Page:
Dutch news in brief, Thursday 3 December 2009
Read the roundup of today's Dutch press from Radio Netherlands.Council of State: pension plan will lead to intergenerational tensions
The Cabinet's decision to raise the pensionable age to 66 by 2020 and 67 by 2025 has generated numerous column inches over the last few weeks and two papers on the opposite ends of the political spectrum focus on Wednesday's release of the long-awaited advice by the Council of State on the pensions bill.
According to de Volkskrant, the Council said the government should introduce the changes "in more phases and faster," and the plans "fail to recognise the urgency of the situation".
The changes were introduced in order to help combat the current financial crisis but will not deliver any financial benefits until 2020 and the Council said "the nine-year wait is far too long".
De Telegraaf said the Council of State has warned the pension plan will lead to "inter-generational tensions," adding "younger generations will be unfairly saddled with the costs".
Although the Council is in favour of raising the pensionable age, it said, "The Cabinet has failed to explain why people over the age of 55 have been exempted".
Is singing the national anthem a new form of nationalism?
Trouw reported Tuesday's Cabinet decision to require all immigrants to learn the Wilhelmus - the Dutch national anthem - and asked whether this is "a moral duty or new nationalism".
The paper noted that schoolchildren are not required to learn the national anthem despite the fact that Dutch history and the origins of the Dutch state are part of the national curriculum.
An Amsterdam school director told the paper "this is my eighth school and none of my students have ever been required to learn the national anthem. Why should they learn it? What on earth for?"
However, the director of a primary school in a village in Overijssel said: "It's a moral duty to learn the Wilhelmus," adding that her students are taught it from the very first day of school.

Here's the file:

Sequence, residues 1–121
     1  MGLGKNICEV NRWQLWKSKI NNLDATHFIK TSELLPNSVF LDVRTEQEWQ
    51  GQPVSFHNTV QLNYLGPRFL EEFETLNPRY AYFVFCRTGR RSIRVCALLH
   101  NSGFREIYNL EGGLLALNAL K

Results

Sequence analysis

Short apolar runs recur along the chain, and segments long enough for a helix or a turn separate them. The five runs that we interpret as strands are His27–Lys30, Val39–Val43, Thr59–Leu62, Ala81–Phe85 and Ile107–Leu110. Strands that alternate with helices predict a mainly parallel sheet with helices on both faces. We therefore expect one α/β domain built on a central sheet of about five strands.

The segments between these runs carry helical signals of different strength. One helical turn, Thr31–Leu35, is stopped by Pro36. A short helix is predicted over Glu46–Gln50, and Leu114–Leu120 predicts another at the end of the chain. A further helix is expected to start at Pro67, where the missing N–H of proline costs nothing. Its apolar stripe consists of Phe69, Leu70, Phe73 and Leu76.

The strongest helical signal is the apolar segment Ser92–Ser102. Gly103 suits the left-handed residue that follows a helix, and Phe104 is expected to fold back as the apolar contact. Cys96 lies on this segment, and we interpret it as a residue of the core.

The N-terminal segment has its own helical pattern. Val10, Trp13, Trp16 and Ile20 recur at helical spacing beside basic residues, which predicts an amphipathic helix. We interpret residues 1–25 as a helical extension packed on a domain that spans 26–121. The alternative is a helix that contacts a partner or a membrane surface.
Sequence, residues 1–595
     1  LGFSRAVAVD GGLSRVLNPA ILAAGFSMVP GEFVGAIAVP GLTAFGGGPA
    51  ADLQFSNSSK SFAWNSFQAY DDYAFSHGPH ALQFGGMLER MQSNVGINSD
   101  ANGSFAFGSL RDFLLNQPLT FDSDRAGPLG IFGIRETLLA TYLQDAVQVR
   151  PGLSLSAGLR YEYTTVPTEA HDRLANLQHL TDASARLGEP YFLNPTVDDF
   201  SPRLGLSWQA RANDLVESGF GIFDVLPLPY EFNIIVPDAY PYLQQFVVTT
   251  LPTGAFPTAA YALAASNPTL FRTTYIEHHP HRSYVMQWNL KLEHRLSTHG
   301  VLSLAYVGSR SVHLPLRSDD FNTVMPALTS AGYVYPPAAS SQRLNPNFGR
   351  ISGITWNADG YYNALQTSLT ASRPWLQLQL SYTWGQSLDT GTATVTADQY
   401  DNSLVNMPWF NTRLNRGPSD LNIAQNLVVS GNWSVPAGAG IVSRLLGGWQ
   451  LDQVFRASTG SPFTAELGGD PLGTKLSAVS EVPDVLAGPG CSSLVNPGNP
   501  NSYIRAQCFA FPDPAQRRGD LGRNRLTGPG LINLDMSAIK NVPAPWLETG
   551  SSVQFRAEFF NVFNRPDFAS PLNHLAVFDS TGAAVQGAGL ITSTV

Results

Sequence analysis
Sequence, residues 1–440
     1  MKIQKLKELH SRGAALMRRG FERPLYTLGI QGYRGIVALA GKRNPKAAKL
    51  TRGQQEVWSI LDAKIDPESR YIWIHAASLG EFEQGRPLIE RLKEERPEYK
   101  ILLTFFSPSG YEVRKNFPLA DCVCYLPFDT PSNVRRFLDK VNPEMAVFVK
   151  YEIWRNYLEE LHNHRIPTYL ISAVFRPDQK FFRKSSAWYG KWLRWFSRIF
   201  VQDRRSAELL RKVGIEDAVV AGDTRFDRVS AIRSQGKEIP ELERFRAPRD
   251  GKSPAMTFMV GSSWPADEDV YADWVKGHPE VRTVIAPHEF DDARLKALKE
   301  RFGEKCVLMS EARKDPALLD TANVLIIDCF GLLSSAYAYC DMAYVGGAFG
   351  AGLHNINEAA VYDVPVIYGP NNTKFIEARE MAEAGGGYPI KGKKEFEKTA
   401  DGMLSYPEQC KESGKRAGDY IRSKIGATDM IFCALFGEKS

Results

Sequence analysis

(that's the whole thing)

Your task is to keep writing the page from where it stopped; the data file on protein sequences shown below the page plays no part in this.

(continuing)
The director of the Institute of Migration and Ethnic Studies in Amsterdam said: "Government demands on immigrants are tougher and also underhand, it's a form of new nationalism".
Cheap Christmas lights can be dangerous
De Telegraaf reported a European Commission investigation in five EU countries has revealed that 30 percent of the electric Christmas lights sold in the Netherlands - and four other EU states - are dangerous.
The investigation evaluated 196 sets of electric decorations of different prices and found that 30 percent were very dangerous and a further 40 percent were just slightly dangerous. The populist paper warned: "Use can lead to electric shocks and fire".
AD chimed in with "one in three sets of electric lights are dangerous and advises consumers to turn the lights off when they leave the house or when they go to bed".
Ministers request turn down request to preserve St Nicolas' mitre
De Telegraaf reported: "Cabinet: there's no steamboat in the Bible" and that Culture Minister Ronald Plasterk and Interior Minister Guusje ter Horst do not plan to bow to a Christian Democrat request that the traditional Christian character and symbols of St Nicolas be preserved.
The Christian Democrats made the request in response to the decision by several municipal governments to dispense with the cross on St Nicolas' mitre "out of respect for the diverse ethnic and religious composition in the municipality".
According to the traditional story, St Nicolas arrives in the Netherlands by a steamboat. He’s accompanied by a whole lot of Moors - known as Black Pete - who punish naughty children. The holy man then hops on his grey horse and dispenses presents and little ginger biscuits to all and sundry.
However, Ministers Plasterk and Ter Horst from the Labour Party said the Sinterklaas holiday is only partially Christian: "The Cabinet was unable to find Black Pete, grey horses, steamboats or ginger biscuits in the Bible".
Radio Netherlands / Jacqueline Carver / Expatica